NCWO Urges Members of House and Senate to Support the HEART for Women Act (S. 438/ H.R. 3526)

NCWO Urges Members of House and Senate to Support the HEART for Women Act (S. 438/H.R. 3526)

NCWO has has signed on to a letter asking Members of the House and Senate to cosponsor the HEART for Women Act (S. 438/H.R. 3526), which has strong bipartisan support and has been passed by the House twice.

The letter notes, "There are 42.7 million American women living with heart disease, stroke and other forms of cardiovascular disease -- the leading killer of American women, causing more deaths than the next three causes of death combined and killing about 28,000 more women than men in 2008.  Women are less likely than men to be referred for diagnostic tests, to receive interventional procedures such as angioplasties and stents, or to receive preventive medication.  Women are also more likely than men to die within a year of their first heart attack, and women are 1.5 times more likely to be readmitted to the hospital after heart bypass surgery. Despite established hospital and physician guidelines for heart patients, women continue to be occasionally misdiagnosed by physicians and many primary care doctors still don’t know that heart disease kills more women than men.
 
"While there was a huge decline in death from heart disease in men (17.5%) in the past 30 years, it has decreased a mere 2.5% in women of all ages.  One study shows the death rate from heart disease in women in ages 35-44, actually rose between 1997 and 2002.  This chasm between men and women may grow even larger if disparities in the way women are treated persist.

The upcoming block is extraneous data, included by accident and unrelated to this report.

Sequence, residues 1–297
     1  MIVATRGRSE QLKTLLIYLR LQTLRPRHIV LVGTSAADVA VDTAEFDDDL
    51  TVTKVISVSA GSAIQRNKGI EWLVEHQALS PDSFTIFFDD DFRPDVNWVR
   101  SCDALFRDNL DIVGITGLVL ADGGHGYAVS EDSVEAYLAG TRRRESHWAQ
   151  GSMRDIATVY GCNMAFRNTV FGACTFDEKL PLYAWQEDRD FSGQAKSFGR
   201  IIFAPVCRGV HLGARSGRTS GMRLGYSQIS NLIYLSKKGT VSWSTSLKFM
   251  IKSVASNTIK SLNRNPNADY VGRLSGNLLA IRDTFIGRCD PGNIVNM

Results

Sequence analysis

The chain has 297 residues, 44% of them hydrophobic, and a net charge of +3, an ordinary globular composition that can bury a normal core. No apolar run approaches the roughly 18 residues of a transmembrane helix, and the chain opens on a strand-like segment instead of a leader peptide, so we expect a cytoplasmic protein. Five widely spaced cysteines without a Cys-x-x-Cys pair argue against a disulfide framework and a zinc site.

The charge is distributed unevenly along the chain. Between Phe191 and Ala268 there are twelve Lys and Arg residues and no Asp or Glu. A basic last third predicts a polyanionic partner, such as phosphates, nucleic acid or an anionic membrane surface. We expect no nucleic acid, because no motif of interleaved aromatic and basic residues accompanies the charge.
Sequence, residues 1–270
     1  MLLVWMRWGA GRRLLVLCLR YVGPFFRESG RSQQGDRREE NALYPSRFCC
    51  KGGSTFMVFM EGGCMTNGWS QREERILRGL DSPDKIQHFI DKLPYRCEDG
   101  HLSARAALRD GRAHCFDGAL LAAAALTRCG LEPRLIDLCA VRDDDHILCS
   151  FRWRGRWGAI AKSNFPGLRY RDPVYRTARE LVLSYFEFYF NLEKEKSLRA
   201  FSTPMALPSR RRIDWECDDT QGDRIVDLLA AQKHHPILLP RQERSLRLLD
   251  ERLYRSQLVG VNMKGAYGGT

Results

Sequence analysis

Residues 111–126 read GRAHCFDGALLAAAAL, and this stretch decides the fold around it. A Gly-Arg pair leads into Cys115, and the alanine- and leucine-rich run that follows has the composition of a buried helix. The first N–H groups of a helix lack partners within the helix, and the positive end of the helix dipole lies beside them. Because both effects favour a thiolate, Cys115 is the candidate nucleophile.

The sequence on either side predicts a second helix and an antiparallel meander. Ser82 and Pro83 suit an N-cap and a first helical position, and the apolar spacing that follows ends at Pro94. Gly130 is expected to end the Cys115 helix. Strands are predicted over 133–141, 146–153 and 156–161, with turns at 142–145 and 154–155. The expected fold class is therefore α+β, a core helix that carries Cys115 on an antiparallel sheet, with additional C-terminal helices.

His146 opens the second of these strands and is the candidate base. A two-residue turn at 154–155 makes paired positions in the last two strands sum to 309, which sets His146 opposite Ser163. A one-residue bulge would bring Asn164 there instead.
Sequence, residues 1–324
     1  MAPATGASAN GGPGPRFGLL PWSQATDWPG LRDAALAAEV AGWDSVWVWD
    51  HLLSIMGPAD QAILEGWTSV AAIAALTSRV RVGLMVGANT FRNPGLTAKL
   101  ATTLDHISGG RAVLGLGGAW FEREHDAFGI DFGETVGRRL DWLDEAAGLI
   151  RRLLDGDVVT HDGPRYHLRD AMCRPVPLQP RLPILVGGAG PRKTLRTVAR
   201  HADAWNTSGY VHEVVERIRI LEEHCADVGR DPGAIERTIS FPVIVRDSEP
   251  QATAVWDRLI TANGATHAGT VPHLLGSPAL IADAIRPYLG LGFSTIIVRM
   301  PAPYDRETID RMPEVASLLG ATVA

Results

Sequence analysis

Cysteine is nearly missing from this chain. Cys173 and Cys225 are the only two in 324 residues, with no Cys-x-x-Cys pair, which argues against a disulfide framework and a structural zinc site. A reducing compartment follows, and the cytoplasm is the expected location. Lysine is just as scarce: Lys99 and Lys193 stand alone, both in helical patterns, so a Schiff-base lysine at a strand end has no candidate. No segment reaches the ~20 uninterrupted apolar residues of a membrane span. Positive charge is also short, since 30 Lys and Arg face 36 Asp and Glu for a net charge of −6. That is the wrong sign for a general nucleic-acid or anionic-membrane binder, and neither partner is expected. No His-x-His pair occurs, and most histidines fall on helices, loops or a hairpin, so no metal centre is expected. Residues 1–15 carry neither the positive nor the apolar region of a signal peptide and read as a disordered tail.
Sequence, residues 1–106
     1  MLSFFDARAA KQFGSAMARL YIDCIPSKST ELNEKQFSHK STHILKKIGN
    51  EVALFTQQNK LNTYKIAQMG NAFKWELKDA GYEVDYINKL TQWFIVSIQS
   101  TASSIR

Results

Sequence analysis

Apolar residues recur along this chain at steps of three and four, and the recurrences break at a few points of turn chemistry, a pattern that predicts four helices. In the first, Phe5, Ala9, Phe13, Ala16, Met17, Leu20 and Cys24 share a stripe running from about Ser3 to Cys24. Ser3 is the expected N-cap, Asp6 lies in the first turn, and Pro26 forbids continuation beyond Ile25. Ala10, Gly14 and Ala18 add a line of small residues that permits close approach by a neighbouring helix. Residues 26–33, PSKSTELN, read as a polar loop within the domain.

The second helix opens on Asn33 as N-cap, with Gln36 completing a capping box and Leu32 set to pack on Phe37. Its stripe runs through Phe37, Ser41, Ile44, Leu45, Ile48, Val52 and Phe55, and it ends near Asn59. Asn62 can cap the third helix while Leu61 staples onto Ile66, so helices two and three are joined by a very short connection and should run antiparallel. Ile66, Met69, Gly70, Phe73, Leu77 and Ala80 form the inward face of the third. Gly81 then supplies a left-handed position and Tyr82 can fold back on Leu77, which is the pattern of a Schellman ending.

"Congress has the opportunity to make a difference for women with heart disease.    The HEART for Women Act improves the prevention, diagnosis and treatment of heart disease and stroke by:

1.     Providing gender and race-specific information for clinicians and researchers.  The legislation would require the GAO  to study whether clinical trial, drug and medical device safety and efficacy data are being reported by sex, race, and age.;

2.     Helping to prevent heart disease and stroke in at-risk women.  The legislation would authorize the expansion of the CDC WISEWOMAN (Well-Integrated Screening and Evaluation for Women Across the Nation) program that provides low-income, uninsured and underinsured women in 20 states with preventive health services, needed referrals to local health care providers, and  lifestyle counseling and interventions.

3.     Reporting on care of women with heart disease or stroke.  The legislation requires the Secretary of Health and Human Services to report annually to Congress on the quality of and access to care for women with heart disease, stroke, and other cardiovascular diseases and to make recommendations for eliminating disparities and improving the treatment of women.